Scream’s 2022 reboot will see the franchise return to cinema screens, but how do the Scream movies and TV shows rank in comparison to each other?
The Scream series has had its ups and downs, so with 2022’s Scream reboot on the way, how do the franchise’s movies and TV shows rank in comparison with each other? Nightmare On Elm Street creator Wes Craven’s Scream revolutionized the slasher subgenre in the mid-‘90s by adding an element of self-aware humor to the formula. Scream’s teenage heroes knew all of the cliched rules involved in surviving a slasher, and yet they were still gruesomely killed by a sharp-witted masked murderer who proved just as savvy as their victims.
However, the franchise could not maintain its stellar critical reception forever. Scream 2 earned impressive write-ups upon its 1998 release, but 2000’s Scream 3 saw the departure of screenwriter Kevin Williamson and many critics and viewers alike felt his replacement Ehren Kruger failed to recapture the magic of earlier outings. 2010’s Scream 4 was more divisive, with many reviewers calling it a welcome return to form while others claimed the meta-slasher genre was outdated.
2015’s Scream TV series, meanwhile, was a small-town mystery more akin to Netflix’s recent book adaptation There’s Someone Inside Your House than Craven’s movies and earned the ire of fans who felt it bore little resemblance to the original franchise. However, while the 2019 revival Scream: Resurrection skewed closer to the movie’s tone, it couldn’t quite prove as successful as the films with critics. 2022’s upcoming reboot promises to bring back Ghostface’s iconic mask along with Sidney Prescott, Dewey, Gale, and the voice of Roger L. Jackson. With so many additions to the series, audiences are naturally curious about how the Scream movies and TV shows rank in comparison with each other, and which are the best and worst.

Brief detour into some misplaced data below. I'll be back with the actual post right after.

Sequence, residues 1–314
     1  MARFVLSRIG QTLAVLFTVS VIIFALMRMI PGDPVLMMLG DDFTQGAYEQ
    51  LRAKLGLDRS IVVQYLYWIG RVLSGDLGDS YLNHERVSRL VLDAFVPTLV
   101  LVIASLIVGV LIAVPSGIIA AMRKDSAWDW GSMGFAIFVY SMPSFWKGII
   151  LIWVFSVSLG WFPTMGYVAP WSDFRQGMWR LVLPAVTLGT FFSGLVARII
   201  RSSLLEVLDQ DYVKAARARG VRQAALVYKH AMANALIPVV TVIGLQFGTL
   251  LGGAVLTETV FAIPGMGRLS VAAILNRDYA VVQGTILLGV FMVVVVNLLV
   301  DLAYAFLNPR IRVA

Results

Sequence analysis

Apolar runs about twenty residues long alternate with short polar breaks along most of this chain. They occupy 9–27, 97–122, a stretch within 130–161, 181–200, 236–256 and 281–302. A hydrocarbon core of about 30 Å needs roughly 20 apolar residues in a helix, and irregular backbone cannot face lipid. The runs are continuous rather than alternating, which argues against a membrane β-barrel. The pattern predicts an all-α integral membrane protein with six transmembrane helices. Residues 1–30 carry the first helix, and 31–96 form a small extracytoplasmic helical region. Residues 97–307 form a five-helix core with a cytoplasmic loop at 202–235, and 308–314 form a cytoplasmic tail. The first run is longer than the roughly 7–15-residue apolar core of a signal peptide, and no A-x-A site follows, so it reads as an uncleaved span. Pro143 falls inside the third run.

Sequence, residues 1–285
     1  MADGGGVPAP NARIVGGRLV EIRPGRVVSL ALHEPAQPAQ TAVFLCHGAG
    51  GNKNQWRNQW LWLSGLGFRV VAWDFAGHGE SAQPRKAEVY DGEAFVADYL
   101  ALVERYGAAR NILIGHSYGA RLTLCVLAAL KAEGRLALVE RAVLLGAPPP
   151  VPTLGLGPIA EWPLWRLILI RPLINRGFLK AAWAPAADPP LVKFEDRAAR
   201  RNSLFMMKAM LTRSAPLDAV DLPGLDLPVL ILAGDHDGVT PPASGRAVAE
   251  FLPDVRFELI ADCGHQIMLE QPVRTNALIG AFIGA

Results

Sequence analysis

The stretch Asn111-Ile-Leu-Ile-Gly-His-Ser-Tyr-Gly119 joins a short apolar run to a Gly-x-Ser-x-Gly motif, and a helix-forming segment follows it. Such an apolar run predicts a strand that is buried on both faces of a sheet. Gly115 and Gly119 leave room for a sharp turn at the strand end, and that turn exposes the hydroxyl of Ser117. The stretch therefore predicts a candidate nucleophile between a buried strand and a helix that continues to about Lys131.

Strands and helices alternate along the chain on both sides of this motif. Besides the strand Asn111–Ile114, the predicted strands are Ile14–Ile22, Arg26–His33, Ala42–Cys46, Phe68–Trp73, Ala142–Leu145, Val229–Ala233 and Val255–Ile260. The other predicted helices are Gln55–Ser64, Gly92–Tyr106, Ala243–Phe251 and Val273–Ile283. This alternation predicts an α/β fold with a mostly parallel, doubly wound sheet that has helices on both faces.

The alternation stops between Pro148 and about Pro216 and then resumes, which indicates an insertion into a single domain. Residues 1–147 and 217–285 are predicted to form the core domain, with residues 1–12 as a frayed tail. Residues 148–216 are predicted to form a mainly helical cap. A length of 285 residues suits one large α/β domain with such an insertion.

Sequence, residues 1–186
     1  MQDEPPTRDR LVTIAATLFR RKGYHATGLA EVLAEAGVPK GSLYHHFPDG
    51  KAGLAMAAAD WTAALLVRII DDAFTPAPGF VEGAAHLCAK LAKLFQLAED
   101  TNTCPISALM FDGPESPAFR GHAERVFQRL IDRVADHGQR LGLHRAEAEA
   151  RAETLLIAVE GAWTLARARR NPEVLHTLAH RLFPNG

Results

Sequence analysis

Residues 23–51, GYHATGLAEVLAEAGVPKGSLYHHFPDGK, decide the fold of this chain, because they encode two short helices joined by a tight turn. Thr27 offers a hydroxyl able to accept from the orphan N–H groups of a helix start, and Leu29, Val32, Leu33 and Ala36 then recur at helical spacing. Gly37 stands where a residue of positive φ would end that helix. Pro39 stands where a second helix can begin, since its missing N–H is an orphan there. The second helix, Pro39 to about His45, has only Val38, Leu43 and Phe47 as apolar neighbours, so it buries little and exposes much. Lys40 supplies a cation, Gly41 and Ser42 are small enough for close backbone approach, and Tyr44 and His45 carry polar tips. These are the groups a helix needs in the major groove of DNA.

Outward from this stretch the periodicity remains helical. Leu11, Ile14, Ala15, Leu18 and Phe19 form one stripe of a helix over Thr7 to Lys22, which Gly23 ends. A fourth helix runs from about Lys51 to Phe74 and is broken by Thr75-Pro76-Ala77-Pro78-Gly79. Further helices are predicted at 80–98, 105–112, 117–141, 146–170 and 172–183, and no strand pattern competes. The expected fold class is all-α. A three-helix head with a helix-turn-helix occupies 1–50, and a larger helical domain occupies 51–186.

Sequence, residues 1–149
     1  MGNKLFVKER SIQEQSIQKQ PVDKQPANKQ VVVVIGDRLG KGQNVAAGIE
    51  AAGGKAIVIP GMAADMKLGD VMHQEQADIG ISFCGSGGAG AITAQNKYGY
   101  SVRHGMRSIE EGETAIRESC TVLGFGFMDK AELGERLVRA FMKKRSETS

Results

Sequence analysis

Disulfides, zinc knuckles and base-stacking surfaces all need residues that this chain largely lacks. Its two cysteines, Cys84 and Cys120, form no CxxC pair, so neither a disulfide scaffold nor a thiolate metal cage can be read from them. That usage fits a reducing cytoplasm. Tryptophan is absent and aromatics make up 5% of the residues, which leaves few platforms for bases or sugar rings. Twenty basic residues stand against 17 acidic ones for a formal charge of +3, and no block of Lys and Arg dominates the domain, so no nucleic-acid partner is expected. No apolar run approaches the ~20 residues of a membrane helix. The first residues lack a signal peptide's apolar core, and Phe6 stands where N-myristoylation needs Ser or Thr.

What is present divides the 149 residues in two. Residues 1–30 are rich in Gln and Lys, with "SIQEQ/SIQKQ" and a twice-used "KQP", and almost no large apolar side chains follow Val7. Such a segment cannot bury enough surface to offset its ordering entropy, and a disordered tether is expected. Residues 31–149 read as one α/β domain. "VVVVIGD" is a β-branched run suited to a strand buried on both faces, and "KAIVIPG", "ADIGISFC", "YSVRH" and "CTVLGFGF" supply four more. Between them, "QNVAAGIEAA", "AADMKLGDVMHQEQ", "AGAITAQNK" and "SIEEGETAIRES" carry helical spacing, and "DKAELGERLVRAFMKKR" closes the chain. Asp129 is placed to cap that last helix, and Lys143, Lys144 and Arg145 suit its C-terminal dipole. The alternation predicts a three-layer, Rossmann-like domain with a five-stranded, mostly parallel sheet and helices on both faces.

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Scream 2 (1998)
The “Is Aliens is superior to Alien?” debate appears in an early Scream 2 scene as Scream survivor Randy, franchise newcomer Cici and Timothy Olyphant’s Mickey question whether a sequel can ever outstrip the original during a Film Studies class. It is an audacious gag, as director Craven and screenwriter Williamson practically dare viewers to call Scream 2 inferior to its predecessor. However, the triumphant sequel more than earns the sequence. Scream 2 is a sequel that can go toe-to-toe with 1996’s original and many of its most impressive setpieces are even tenser than those seen in its predecessor.
Scream 2 is a masterclass of tension-building, whether it is the killer stalking a victim through a soundproof studio, Sidney crawling over the killer’s seemingly unconscious body to escape a car wreck, or watching Buffy heroine Sarah Michelle Gellar attempt to escape Ghostface. However, the sequel is let down by a cheap, impossible-to-predict killer reveal that saps it off some effectiveness and ensures it can’t quite measure up to the original. That said, Liev Schreiber’s final line almost makes up for the surprise, and Scream 2 remains an effective, brutal follow-up.
The original and still the greatest meta-slasher, 1996’s Scream is in a league of its own. Williamson’s razor-sharp screenplay (originally titled “Scary Movie”) elevates what could have been a pedestrian effort, but Craven’s direction is the star of the show. From the devastating opening (still daring decades later) to the charming, energetic performances of the cast, the self-referential slasher Scream represents a distillation of the legendary director’s talents. The unrelenting brutality of The Last House on the Left is mirrored in Casey and Tatum’s nigh-on unwatchable deaths, the creepy atmosphere that pervades A Nightmare On Elm Street runs through the streets of Woodsboro, and the meta-humor of New Nightmare is refined and honed into a more crowd-pleasing style.
The humor never blunts the effectiveness of the horror, the characters are lovable and it is authentically upsetting to see them killed off, and the central whodunit has a clever pay-off. While Scream’s 2022 reboot brings back the original’s characters, the new outing will undeniably have big shoes to fill when it arrives in theatres. As fresh, funny, and frightening as it was upon release 25 years ago, Scream remains a testament to the talent of its director and a high watermark in the slasher genre.